The cost that has risen to be associated with this undertaking is quite simply absurd. According to Metrolinx, the Government of Ontario has committed a $1.48 billion investment to replace the current Scarborough RT. Sure, we can push it a bit, setting a $2 billion budget in early 2016 for the subway expansion, but the problem is, the cost has currently risen to a ridiculous $3.35 billion. In fact, the range of accuracy can be off by a full 50%, meaning costs can come as high as $5.02 billion. What’s more? The plan to build a three-stop subway was cut down to one stop. $3.35 billion just to add a single new stop to the Bloor-Danforth line. If this is not enough, and you are still unfazed, I’d love to study under the tutelage of your coolheaded, strong and steady mind. Or rather, consider this: the city will be spending an estimated $1.45 million for each new rider the subway extension attracts. In what way can this possibly make sense?


Perhaps we should shift gears, and have a look at the benefits.

Sure, a subway expansion will allow riders to experience a seamless journey to Scarborough Centre without transferring at Kennedy Station, all in the spirit of relieving regional congestion. It can sound pretty good, right? Allegedly, this seamless journey saves time commuting, with Tory even invoking emotion to say that this saved time can be better spent with family. However, according to the Toronto Star:

In a report released in June, city staff said the replacement of the SRT with a one-stop subway could save riders “up to five minutes.”

That’s correct, a mere five minutes, a substantial benefit indeed. Surely, five minutes off the commutes of many people? It’s unfortunate that even there, the benefits look bleak. An estimated 4500 new riders at the beginning of project planning has halved, plummeting to about 2300 last summer.

When it comes down to it, a $3.35 billion to $5.02 billion cost, to replace an old system, shaving 5 minutes off the commute of 2300 people? The costs vastly outweigh the benefits. There have got to be better solutions.

Efficient, Equitable, or Fair?

With the scarce resource in this circumstance being money to fund the expansion of public transit and given the circumstances, I would argue that this project is far from efficient. In choosing to build a Scarborough subway expansion, one forgoes the next best choice of building a light rail, cheaper bus stations, or using the money to serve as a down-payment on other transit projects Toronto desperately needs. There are a great many alternative uses this funding can go towards – in this situation, opportunity cost would be a toss-up between a subway relief-line to ease the pressure on the massively over-crowded Yonge line, or building a light rail for Scarborough. Both of these decisions make an equal or greater amount of people better off. In the case of the cheaper light rail, it makes no people worse off as Scarborough residents still acquire their much-needed transit, however makes some people better off by leaving more funding for other transit projects. This would be a more efficient decision than the absurd subway expansion, and the TTC truly needs to get a grasp on the idea.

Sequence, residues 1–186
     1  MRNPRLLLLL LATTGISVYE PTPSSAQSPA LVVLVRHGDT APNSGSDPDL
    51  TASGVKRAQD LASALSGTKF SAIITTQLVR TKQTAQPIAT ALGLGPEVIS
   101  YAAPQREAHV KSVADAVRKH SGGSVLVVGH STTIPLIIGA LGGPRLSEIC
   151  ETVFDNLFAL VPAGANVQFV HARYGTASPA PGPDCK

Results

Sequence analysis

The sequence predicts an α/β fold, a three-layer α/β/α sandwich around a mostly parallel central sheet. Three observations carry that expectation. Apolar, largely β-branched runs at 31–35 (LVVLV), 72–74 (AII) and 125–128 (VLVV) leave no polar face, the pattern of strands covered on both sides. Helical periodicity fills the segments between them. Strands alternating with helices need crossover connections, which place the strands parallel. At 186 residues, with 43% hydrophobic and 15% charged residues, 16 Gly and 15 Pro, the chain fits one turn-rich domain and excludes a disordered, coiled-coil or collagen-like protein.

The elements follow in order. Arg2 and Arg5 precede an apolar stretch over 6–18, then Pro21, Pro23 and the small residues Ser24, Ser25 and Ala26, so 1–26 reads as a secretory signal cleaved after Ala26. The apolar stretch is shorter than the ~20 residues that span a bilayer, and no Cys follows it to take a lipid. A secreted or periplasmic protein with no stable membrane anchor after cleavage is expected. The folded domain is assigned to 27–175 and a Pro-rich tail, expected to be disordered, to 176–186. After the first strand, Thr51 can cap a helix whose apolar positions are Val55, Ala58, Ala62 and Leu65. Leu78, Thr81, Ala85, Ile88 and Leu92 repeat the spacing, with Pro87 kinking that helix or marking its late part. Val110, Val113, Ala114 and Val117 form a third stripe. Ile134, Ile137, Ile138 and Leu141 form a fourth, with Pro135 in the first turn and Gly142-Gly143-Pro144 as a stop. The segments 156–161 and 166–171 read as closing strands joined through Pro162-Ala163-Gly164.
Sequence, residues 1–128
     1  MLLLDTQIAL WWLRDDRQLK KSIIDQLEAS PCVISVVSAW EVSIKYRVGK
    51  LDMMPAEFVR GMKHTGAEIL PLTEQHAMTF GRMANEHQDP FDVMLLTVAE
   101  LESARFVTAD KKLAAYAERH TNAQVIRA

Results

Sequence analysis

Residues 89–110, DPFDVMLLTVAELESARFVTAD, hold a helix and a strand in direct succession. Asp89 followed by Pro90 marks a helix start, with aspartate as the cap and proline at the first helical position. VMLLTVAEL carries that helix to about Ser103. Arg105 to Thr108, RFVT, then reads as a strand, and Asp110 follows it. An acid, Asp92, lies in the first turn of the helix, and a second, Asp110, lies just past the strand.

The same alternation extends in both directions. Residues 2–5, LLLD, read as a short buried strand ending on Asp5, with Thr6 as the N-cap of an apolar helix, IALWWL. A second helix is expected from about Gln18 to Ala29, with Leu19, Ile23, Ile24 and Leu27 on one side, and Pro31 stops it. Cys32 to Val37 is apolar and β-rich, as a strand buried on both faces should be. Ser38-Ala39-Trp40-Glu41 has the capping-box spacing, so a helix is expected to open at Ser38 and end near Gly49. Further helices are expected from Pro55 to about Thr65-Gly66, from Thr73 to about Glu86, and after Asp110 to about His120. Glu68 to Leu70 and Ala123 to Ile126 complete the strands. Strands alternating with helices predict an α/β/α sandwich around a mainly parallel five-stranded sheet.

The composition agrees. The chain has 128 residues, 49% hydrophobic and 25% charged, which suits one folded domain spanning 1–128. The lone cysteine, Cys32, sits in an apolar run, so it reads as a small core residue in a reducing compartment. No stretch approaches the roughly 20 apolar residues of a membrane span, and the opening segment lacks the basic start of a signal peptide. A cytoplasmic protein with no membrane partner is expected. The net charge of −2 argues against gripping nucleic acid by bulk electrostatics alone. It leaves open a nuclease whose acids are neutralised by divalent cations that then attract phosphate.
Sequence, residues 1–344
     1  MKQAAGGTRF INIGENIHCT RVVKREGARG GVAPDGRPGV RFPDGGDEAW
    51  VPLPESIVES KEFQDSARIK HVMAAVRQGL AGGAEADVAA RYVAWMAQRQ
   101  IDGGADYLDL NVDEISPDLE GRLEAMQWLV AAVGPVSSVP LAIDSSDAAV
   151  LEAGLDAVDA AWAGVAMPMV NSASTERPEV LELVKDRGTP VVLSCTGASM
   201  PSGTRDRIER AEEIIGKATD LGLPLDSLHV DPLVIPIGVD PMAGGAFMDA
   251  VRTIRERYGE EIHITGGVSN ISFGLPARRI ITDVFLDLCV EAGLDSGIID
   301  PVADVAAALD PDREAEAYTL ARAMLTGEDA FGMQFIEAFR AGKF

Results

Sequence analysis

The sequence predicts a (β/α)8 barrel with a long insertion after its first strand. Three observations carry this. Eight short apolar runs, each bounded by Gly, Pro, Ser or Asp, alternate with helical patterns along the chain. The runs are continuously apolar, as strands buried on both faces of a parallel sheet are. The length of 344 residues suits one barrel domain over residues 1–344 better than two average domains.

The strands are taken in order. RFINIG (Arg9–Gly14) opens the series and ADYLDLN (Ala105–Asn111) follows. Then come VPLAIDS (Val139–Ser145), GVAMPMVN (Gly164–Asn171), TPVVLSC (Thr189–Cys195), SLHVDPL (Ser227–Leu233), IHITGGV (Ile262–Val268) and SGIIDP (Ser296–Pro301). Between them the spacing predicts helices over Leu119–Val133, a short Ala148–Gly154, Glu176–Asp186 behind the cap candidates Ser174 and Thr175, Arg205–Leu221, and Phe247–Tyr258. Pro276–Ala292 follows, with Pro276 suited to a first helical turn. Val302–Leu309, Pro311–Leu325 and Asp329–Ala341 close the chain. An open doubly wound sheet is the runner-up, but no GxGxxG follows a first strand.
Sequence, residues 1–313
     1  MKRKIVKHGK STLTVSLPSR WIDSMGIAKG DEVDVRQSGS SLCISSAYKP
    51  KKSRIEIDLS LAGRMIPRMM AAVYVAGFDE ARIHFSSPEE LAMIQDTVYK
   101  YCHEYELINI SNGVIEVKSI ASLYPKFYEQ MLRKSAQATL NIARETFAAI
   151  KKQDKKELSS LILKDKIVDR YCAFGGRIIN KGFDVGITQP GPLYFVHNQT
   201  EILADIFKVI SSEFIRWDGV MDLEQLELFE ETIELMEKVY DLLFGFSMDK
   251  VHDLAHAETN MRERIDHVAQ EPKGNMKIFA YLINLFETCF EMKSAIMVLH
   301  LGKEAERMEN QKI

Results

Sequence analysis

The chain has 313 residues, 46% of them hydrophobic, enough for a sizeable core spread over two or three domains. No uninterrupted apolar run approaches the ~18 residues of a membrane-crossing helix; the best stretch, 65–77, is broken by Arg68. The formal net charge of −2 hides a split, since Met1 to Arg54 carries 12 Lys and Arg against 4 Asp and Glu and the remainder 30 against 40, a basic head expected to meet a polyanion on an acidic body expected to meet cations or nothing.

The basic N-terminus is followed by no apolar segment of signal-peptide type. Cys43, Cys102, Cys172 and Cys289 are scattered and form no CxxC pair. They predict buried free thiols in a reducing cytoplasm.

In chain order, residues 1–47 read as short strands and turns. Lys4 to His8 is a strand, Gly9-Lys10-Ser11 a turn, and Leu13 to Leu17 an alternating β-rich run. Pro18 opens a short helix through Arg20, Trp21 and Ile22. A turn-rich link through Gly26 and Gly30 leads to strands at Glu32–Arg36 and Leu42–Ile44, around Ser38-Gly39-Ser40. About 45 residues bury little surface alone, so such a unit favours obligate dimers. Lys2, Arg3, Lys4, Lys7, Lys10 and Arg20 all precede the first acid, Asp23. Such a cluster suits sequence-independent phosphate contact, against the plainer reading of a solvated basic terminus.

ttc econ

Equity is a difficult concept to describe in this situation, as disagreement surrounds fair methods to allocate funding for public transit. However, in short, by dedicating ridiculous amounts of tax payers’ money, upwards of $3.35 billion, the lack of equity is blatantly seen. The resources would be unfairly distributed among those 2300 riders, costing the government $1.45 million per new rider, a ridiculous plan that leaves funds in no way fairly distributed among citizens.

What are the Alternatives?

We should not allocate such an enormous budget to insist on a subway expansion to Scarborough. Instead, there are many alternatives, some of which may be more beneficial than others. These include:

  • A bus terminal to help pedestrian access and free up more land for development
  • Adapting GO Transit (using Smart Track)
  • Network of LRTs (Light Rail Transit)

A better alternative should include the benefits of a fast trip speed, frequent service, and the currently accepted TTC fare level , 3 factors that will draw more riders with a reasonable demand. It should allow the TTC to prioritize a mission to connect more neighbourhoods and serve more people. With this in mind, I would recommend the light rail alternative to connect the Scarborough community. Despite its growing cost, it remains cheaper than the subway, a sensible project is already being planned: a 17 stop LRT can be built within the funding envelope along Eglinton Ave. E. to the UofT Scarborough campus.